Get Better Software Estimates by Combining Different Perspectives

By Diliff (Own work) CC BY-SA 4.0, via Wikimedia Commons

Estimating a custom software project is a difficult necessity that usually occurs before the project kickoff (what we like to call the “point of maximum ignorance”). And getting estimates right can have a significant impact on the overall success of a product. Read more on Get Better Software Estimates by Combining Different Perspectives…

UIStackView Tricks: Proportional Custom UIViews with ‘Fill Proportionally’

In iOS 9, Apple introduced a very handy new UI concept: the UIStackView. Stack views help us quickly compose sequential “stacks” of views without Auto Layout. UIStackView offers a number of distribution and spacing options in Interface Builder. If you’re unfamiliar with UIStackView, I recommend reading “Exploring UIStackView Distribution Types” first.

In this post, I’ll describe how to use the Fill Proportionally option with any custom view while enjoying fine-grained control over the proportions themselves. Read more on UIStackView Tricks: Proportional Custom UIViews with ‘Fill Proportionally’…

Accept It: Software is Wabi-sabi

Last week, after dealing with a frustrating build and deployment issue, I reflected on what makes software development frustrating at times–specifically, the well-known feeling that code “rots” over time. I happened to glance at a small Zen rock garden my wife had given me long ago and was reminded of wabi-sabi.
Read more on Accept It: Software is Wabi-sabi…

Handling Bad Feelings at Work

Atomic Object employs a group of smart, high-performing, passionate, diverse, and flawed human beings. It’s inevitable that each of us will occasionally experience “bad feelings” at work. As a company, we’ve put a lot thought into how to handle the bad feelings that occasionally arise during our time at work. One of the steps we’ve taken is extending the acronym FUD to “FUDA” as a shorthand for bad feelings and a prescription for how to handle them. Read more on Handling Bad Feelings at Work…

Sharing Web Data with iOS Using WKWebView

I recently helped develop a native iOS app for a client that sells software to many different educational organizations. We wrote the app in Swift, and it interacts with our client’s pre-existing web API.

One challenge we faced was that many of our client’s customers require single-account, multiple-login (SAML) support through their own web portals. To support SAML, we needed an easy way to pass a user’s API credentials from a web page to our iOS application. In this post, I’ll show how this can be accomplished using WKWebView.
Read more on Sharing Web Data with iOS Using WKWebView…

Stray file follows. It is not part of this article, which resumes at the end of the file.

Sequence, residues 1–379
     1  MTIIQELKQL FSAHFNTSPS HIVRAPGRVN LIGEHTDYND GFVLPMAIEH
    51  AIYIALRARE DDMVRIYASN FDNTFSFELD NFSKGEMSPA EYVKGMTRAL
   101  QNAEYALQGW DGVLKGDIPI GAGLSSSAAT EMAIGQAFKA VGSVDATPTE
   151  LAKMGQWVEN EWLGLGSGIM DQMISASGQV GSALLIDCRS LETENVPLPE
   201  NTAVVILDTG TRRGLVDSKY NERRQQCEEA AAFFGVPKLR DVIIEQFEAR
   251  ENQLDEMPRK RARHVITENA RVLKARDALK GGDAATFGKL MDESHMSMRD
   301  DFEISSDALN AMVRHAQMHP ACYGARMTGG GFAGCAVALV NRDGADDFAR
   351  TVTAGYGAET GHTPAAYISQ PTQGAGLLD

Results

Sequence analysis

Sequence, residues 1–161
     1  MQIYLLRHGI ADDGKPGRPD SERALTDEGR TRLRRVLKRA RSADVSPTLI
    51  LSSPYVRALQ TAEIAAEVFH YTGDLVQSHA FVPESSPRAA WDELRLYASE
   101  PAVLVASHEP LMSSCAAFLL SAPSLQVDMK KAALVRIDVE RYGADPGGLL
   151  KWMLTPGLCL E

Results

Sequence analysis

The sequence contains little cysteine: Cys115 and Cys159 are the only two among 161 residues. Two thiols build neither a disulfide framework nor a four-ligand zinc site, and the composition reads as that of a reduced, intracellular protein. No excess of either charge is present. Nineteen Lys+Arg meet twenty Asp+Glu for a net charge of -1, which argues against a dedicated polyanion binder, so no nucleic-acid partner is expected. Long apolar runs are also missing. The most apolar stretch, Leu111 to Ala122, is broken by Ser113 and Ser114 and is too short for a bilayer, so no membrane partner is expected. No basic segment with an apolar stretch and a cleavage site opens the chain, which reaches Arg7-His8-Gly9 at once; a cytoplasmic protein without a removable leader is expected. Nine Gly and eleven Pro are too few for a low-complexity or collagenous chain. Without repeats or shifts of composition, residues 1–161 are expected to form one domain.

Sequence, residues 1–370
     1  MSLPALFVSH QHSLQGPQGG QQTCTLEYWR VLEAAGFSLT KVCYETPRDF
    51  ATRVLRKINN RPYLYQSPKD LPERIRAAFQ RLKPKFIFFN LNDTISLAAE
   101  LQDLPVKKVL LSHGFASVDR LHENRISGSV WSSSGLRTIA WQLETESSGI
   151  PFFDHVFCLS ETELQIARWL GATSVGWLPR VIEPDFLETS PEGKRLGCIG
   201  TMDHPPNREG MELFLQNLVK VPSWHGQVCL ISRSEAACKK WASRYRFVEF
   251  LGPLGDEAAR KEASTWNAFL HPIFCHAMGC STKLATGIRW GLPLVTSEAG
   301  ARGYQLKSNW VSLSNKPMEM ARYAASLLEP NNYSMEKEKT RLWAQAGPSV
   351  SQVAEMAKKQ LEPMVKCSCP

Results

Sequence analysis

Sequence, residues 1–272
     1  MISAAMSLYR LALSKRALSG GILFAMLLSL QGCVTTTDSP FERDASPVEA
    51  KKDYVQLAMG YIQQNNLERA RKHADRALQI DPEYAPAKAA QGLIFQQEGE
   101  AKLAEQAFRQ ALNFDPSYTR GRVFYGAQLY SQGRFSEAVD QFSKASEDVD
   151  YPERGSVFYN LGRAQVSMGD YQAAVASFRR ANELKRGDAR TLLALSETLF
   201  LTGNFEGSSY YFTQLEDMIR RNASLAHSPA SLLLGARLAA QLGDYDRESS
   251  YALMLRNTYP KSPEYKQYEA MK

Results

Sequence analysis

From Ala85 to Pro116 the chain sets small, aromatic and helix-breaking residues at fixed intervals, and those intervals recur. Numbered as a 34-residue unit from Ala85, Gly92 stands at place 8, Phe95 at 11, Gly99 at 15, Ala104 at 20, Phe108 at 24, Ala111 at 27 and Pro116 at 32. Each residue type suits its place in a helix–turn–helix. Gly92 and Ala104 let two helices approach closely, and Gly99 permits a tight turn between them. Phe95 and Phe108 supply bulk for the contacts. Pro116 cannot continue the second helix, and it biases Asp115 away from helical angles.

Using CircleCI to Test and Deploy an iOS App

When starting a new greenfield project at Atomic, we always ask ourselves about tooling surrounding testing and deployment. We have had a lot of luck with CircleCI for both mobile and web applications, so when I found out CircleCI had a solution for iOS, I was excited to take advantage of it. In this post, I’ll review how to use CircleCI with your iOS application and explain how I handled some bumps in the road on the path to CI and easy deployments.
Read more on Using CircleCI to Test and Deploy an iOS App…

Successful Sprint Retrospectives: Tips and Tools

A sprint retrospective is a brief collaborative exercise that teams can do at the end of each sprint—typically as part of the sprint review meeting. Its purpose is to reflect on what happened during the sprint with the goal of improving the team, but there are other benefits, like building team chemistry, sharing knowledge, promoting a sense of team ownership, and having fun.

This post covers what’s involved in a sprint retrospective, touching on some “dos and don’ts” and sharing a few software tools that can make them easier—especially for remote teams.
Read more on Successful Sprint Retrospectives: Tips and Tools…

Creating Graphics Code in iOS & OS X with PaintCode

Source: Wikimedia commons – click image for more.

Two years ago, I worked on a large iOS project with a very complex, dynamic shape that needed to be rendered on its main screen. The shape had to be drawn using hundreds of Bézier curves in a closed path, generated from real-world data.

Despite my background in computational geometry and OpenGL, I wasn’t sure how to best accomplish the shape in iOS using the drawing primitives and their rendering contexts. Fortunately, I found a helpful tool called PaintCode which cut the time to prototype the drawing code by an order of magnitude. In this post, I’ll describe how I used PaintCode and cover some of its more interesting features. Read more on Creating Graphics Code in iOS & OS X with PaintCode…